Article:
I thought it was kind of a let-down. Too many ppl, too little food. Some of the food did not highlight the restaurant's specialty/ strengths. Many restaurants (Beacon, Angeli, Drago) only offered salads, Providence only offered desserts. On the other hand, I was impressed with the earnest effort of the smaller establishments like Jitlada, Akbar, Clementine, and Genet, they offered a good variety to really showcase their food and to attract potential customers. Another problem was that some places ran out of food by 530 when the event's supposed to go until 7. I was really impressed that Palate and Annisette had their chefs there, and the quality of the food shows. Unless they step it up next year, this will probably be the last time I attend this event,
Agree with most of that - the choices for some restaurants seemed strange. There was much disorganization at the start - which worked in my favor as there were two lines to enter and all I had to do was show the confirmation e-mail on my phone while the line of ticket-holders wrapped around the block.
I was able to enjoy about 40 minutes without a crowd!
I found Sona and Loteria to be standouts.......
too crowded. lines were too long. glad there was free wine, beer, Fiji and POM juice.
favorites were Sona for their "caviar shooter" (what was that btw,i just took it and shot it with reckless abandon...) and their ginger/grapefruit drink, La Casita Mexicana was great too...i'm definitely gonna check that out....green cerviche (actually all three of their dishes were strong and they had the best people there for telling you about themselves....block of cotija cheese...fantastic) and Animal for their Pork Belly Kim Chee..that was by far my favorite of the day.. didn't get to try everything....the venue was also very hot, wish it were all out doors next time....just so cramped inside that studio.
While waiting in line for an hour (arriving at 2:40 pm but didn't get in until 3:40 pm due to confusion and chaos at the entrance), I was able to look through the program and map out the ones that I want to taste. We skipped the first two rooms and went straight to the back room where Drago, Anisette, Sona, The Hungry Cat, Jitlada were stationed. It wasn't very crowded yet at that time so we got to do a lot of repeat tastings in that room. When we ventured out to the room where Mozza was, the line was alreay very long. So we skipped that room and went to the first and the largest room and tasted Providence, La Mill, Upstairs 2...etc.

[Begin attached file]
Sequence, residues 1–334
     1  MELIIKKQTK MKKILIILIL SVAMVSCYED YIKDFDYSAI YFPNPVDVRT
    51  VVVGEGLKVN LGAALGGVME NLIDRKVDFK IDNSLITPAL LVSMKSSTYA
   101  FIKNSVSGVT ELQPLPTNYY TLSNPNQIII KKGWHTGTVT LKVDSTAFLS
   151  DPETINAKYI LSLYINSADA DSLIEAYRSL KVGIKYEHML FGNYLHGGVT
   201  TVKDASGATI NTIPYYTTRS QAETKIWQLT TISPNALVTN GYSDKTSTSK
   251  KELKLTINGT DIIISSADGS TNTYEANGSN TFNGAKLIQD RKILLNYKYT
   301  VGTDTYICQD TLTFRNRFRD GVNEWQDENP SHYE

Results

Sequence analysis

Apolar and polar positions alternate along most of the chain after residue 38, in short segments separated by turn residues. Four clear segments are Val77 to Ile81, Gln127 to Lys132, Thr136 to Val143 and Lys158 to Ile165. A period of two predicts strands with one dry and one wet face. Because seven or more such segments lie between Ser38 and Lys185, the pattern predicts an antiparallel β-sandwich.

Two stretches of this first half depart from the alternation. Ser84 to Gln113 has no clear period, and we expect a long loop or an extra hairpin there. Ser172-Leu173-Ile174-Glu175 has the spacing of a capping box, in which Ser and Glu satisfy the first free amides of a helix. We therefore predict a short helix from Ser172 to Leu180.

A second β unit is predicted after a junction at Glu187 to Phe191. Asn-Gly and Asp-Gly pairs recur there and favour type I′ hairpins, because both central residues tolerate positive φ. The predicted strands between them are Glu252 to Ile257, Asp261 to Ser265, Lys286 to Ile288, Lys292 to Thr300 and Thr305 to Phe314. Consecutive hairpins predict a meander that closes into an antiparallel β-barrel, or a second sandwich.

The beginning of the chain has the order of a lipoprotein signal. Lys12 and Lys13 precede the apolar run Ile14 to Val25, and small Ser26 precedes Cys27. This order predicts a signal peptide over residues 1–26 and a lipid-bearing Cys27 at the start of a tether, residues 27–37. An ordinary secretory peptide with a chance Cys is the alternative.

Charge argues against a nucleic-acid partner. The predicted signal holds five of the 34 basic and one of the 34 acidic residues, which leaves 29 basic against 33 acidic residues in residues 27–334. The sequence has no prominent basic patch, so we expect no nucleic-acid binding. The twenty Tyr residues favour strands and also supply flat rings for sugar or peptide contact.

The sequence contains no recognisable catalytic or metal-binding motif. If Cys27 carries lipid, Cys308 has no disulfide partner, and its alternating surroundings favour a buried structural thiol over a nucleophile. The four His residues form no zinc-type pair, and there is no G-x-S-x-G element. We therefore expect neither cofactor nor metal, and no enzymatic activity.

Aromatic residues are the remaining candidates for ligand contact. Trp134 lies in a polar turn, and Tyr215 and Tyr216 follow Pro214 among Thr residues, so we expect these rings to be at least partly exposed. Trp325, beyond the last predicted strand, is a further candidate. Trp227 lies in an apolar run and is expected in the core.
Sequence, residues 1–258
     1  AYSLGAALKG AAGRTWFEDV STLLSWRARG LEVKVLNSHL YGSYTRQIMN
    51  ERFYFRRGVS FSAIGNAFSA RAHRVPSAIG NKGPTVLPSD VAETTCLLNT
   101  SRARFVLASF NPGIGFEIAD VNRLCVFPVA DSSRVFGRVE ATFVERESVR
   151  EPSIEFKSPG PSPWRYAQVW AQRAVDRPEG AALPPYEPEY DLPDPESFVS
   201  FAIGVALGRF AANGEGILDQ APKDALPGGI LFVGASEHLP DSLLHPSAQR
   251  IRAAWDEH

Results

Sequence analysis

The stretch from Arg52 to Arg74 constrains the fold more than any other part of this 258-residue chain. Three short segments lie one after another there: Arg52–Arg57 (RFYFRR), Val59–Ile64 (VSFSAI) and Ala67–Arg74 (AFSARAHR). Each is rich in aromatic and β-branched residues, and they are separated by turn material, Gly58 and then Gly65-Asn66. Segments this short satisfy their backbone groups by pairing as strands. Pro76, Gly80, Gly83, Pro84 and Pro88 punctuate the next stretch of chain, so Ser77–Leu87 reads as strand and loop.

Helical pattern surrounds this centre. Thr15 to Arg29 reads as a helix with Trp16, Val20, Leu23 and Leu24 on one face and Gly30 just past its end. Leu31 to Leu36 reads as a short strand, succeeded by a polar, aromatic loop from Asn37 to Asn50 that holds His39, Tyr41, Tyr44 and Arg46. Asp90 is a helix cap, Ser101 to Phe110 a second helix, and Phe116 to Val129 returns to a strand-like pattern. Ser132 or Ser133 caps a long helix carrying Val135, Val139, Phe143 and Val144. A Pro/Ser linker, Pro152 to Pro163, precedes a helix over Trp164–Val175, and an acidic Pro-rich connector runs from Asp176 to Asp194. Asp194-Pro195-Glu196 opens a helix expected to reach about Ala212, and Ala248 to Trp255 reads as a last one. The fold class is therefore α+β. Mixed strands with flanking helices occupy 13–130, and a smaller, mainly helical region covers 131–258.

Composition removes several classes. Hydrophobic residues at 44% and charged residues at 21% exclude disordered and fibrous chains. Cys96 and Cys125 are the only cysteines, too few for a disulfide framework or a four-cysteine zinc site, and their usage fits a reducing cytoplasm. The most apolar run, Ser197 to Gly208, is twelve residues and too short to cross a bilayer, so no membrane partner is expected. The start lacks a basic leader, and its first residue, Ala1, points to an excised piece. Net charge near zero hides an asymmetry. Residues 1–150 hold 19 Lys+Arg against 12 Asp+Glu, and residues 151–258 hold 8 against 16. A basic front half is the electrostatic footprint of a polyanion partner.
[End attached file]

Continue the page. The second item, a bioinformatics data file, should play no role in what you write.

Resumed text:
My favorite for today were (hope I get them right since there was no time to get full description of everything):
Drago--a very tasty seafood salad with poached scallops and shrimps (portion was really tiny but we went back for 2nd, 3rd.....)
Sona--a combination of raw salmon, ikura, seaweed sprout, and baby radish & a very delicious freshly squeezed ginger/blood orange drink (again tiny portion but we went back many times)--saw David Myers there
Annisette--they offered two tastings: a bite-size salad with crispy porchetta, and duck l'orangerie on skewers
Palate--a very generous piece of crispy pork belly with polenta
The Hungry Cat--a piece of rolled up smoked salmon with a very flavorful cream cheese (?) inside
Providence--we were disappointed too that they only served desserts but the chocolates (3 kinds-banana, whisky and a tea flavor I think) were really amazing. There was another dessert in a cup (pineapple with mousse?) that was also very good.
Bummers for the day: couldn't get to Animal (pork belly), Mozza (fresh mozzarella) and Clementine (an array of desserts). Lines were just too long.
For beverages there were 63 wineries (according to the program) 2 beers (Kirin, Stella Artois), POM, Fiji Water, Urth Caffe and La Mill. We didn't drink a lot of wine but some people got very tipsy when we left at 6:30 pm.
There were defintely too many people, too little space and quite a few detailed needed improvement, but we thought it was pretty fun.
I have a slightly more optimistic take than the others, and I think it's probably because I got in sooner (3:15?), and had no lines whatsoever for the first half hour or so. So I got to try a lot of things without waiting at all. After that, the lines were typically about 5 minutes, with the exception of Animal, which had a HUGE line. It was indeed very crowded, but this didn't always translate into a long wait for food (except for Animal). We left after about 2 hours, completely stuffed, so if there were any problems with food shortages we didn't encounter them. Overall, we had a very good time. Personally, I don't have a problem with restaurants offering salads and desserts if they are good...and the seafood salad at Drago was very good, as was the dessert at Providence. Here's a really brief review of many booths, loosely organized into "the best" and "the rest":
Sona—Really delicious and visually beautiful dish of salmon and roe, topped with a pretty broccoli flower. This may have been my favorite dish of the day. Served with a really refreshing fruity drink.
Animal—pork belly with kimchi was delicious, and worth the very long line. The two dudes were cooking everything themselves and were very friendly and apologetic about the wait.
Palate—Really delicious pork belly, tender and perfectly cooked, served over polenta. I actually preferred this to Animal's pork belly, my husband liked this version a lot but preferred Animal's.
Anisette—Frise with quail egg was delicious!
Drago—excellent seafood salad.